Al-Ghurair says late changes to project designs also add to the problems in the construction industry, creating delays and opportunities for disputes.

“We see projects going to tender with half-finished designs and then, once the contract is awarded, clients change the scope and expect the contractor to carry on,” he says. “They then get hit by variations and want to sort it out at the end of the project.”

But he says the contractors themselves must also take the blame for the construction industry’s bad habits because they tolerate some of the bad practices. “Contractors are often not very contractual,” says Al-Ghurair.

He adds that as the regional construction industry grows and projects get bigger and more technically complex, local contractors will have to start adopting the practices of their international counterparts.

“Tribal relationships will have to be put to one side and all sides will have to stick to contractual obligations,” he says. “We see a difference between the mentalities of local and foreign contractors. Foreign contractors are very contractual and will raise a claim.”

“We are using robotics and artificial intelligence to replace humans. Robots can scan, digitise and issue instructions”

One of the most typical criticisms of the construction industry is that the traditional practice of awarding deals to the lowest-price bidder locks in a culture of claims and disputes because it forces contractors to submit bids for work at less than the cost, in the hope that they can regain profits out of variation order claims.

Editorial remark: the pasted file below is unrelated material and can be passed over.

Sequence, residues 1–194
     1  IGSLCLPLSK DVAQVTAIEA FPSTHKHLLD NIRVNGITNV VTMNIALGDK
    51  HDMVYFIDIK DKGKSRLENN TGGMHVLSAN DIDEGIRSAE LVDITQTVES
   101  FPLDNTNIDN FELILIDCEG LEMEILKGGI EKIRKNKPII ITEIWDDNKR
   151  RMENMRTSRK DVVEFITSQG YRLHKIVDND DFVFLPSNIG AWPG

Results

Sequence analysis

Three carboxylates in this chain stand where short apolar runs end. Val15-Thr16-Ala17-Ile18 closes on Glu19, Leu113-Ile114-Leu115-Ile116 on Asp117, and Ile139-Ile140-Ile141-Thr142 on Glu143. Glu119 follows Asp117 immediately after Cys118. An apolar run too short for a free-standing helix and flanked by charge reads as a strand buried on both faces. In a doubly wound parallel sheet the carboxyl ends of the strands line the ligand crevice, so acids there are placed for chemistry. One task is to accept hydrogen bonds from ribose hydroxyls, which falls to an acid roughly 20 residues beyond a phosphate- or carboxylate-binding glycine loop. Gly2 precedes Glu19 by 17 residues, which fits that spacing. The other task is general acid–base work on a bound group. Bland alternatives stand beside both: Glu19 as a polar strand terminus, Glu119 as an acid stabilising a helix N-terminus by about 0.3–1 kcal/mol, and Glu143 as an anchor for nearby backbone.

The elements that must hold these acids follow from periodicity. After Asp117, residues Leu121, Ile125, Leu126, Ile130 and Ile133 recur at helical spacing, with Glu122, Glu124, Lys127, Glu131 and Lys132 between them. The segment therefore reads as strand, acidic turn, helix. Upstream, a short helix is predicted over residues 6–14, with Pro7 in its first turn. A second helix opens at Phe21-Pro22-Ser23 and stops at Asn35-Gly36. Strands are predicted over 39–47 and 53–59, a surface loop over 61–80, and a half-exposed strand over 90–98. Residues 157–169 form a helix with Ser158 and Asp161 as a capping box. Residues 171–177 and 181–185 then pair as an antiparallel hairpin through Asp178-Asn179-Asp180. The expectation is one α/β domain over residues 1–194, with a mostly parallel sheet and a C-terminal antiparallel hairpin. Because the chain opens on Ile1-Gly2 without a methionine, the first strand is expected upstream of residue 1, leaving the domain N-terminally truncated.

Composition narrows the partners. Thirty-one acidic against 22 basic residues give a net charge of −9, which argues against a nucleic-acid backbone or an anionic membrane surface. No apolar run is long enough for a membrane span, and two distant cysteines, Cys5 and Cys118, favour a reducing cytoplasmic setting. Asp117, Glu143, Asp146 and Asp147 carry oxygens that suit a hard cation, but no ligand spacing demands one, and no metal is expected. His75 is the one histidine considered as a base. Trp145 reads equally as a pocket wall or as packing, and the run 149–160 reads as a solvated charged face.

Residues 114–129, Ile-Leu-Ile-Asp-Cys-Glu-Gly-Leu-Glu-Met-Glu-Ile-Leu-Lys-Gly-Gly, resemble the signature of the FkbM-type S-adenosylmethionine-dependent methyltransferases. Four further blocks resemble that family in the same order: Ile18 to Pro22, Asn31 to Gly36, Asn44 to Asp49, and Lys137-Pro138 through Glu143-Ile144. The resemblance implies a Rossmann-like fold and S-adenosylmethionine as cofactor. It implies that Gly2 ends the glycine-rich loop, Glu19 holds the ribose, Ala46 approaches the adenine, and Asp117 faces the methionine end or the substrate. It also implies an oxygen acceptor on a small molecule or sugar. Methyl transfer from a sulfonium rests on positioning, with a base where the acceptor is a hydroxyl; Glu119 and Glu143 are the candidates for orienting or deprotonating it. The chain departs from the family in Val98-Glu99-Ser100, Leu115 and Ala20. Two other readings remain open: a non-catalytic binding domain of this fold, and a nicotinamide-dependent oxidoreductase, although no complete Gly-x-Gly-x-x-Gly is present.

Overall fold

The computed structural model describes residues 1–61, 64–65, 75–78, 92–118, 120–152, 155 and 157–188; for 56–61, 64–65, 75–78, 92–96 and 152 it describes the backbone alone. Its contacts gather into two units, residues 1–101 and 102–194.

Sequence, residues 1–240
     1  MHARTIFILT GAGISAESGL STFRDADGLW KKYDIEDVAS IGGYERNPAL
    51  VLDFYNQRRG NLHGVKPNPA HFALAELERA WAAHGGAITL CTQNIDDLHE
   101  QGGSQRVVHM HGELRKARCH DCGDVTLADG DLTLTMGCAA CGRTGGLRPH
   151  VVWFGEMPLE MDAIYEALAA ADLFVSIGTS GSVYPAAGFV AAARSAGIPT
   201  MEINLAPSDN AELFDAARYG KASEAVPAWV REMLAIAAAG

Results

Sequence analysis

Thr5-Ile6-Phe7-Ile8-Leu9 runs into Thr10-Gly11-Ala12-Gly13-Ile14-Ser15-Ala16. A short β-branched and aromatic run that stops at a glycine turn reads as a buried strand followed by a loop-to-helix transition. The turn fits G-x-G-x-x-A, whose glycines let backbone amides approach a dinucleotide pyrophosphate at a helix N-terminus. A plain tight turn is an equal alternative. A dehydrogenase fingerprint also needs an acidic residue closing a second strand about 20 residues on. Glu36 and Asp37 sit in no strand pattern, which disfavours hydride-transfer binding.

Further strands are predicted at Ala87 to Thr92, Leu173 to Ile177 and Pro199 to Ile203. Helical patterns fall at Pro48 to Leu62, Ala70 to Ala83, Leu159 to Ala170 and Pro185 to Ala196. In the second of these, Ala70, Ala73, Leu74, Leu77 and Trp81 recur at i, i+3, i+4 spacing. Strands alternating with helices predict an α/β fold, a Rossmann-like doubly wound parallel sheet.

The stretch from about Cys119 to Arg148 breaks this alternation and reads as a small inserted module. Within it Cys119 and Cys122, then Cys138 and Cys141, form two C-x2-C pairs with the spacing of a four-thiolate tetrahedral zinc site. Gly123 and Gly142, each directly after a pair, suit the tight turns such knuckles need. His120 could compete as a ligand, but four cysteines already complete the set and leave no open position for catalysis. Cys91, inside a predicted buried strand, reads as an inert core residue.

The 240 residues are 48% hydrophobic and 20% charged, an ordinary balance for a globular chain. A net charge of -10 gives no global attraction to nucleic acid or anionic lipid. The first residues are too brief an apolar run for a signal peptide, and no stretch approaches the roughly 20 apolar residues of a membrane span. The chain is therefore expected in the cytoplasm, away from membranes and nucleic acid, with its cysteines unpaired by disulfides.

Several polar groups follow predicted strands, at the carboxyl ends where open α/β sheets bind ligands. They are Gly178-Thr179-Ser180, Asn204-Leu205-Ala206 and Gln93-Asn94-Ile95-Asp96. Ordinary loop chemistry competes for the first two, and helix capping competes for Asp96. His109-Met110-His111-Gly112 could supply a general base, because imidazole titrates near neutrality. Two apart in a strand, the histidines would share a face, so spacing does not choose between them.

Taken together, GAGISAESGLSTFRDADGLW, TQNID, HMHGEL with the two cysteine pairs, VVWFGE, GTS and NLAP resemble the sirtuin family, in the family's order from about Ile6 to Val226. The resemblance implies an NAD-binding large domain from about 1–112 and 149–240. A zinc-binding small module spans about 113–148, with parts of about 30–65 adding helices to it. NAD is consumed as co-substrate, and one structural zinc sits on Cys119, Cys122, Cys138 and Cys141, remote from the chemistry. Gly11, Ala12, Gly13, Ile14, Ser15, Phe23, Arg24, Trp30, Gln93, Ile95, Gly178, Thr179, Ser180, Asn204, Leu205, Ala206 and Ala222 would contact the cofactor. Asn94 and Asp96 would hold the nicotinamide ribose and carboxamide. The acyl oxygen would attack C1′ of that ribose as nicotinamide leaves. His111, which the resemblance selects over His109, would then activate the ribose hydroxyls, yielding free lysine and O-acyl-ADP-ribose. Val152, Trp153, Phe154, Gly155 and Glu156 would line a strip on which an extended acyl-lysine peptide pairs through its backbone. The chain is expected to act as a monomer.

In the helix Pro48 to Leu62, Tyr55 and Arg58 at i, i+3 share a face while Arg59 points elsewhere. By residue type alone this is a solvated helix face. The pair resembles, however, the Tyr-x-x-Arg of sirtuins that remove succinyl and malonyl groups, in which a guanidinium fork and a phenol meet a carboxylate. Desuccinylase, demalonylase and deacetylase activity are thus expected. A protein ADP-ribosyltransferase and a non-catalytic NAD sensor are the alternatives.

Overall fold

But Al-Ghurair says the issues of delayed payments and late design changes are a bigger concern. “I think it is right for the owner to try to get the best price and to go out to competitive bidding,” he says. “But as a contractor, once contracted, I want payment. Nobody will accept FIDIC [a form of construction contract], which says that if you increase the scope by 20 per cent, the deal can be renegotiated.”

Many of the changes called for by Al-Ghurair have been highlighted by the fall in oil prices and the downturn in the market, but he says there are also structural changes taking place. Banking, he says, is on the cusp of a robotics revolution that is set to transform the industry.

Over the past three decades, Mashreq has built a reputation for embracing change and innovation. It was the first bank in the UAE to install ATMs, the first to issue debit and credit cards, and the first to introduce consumer loans. Now, it is the first bank to introduce a workforce of robots.

“We are using robotics and artificial intelligence to replace humans,” says Al-Ghurair. “For repetitive processes, robots can scan, digitise and issue instructions. For example, let’s suppose you have lost your credit card. You will send an email, the robot will read this email and issue an instruction to block the card, and then issue a new card to the customer. We are moving towards total transformation. The adoption of intelligent process automation techniques spans across the use of robotics, machine learning and artificial intelligence tools.”

The bank is investing more in technology than ever before to improve services, and also to improve security.

“It is changing dramatically,” says Al-Ghurair. “The changes in banking in the next five years will be equal to the changes of the past 50 years.”

24 July, 2017 | .By RICHARD THOMPSON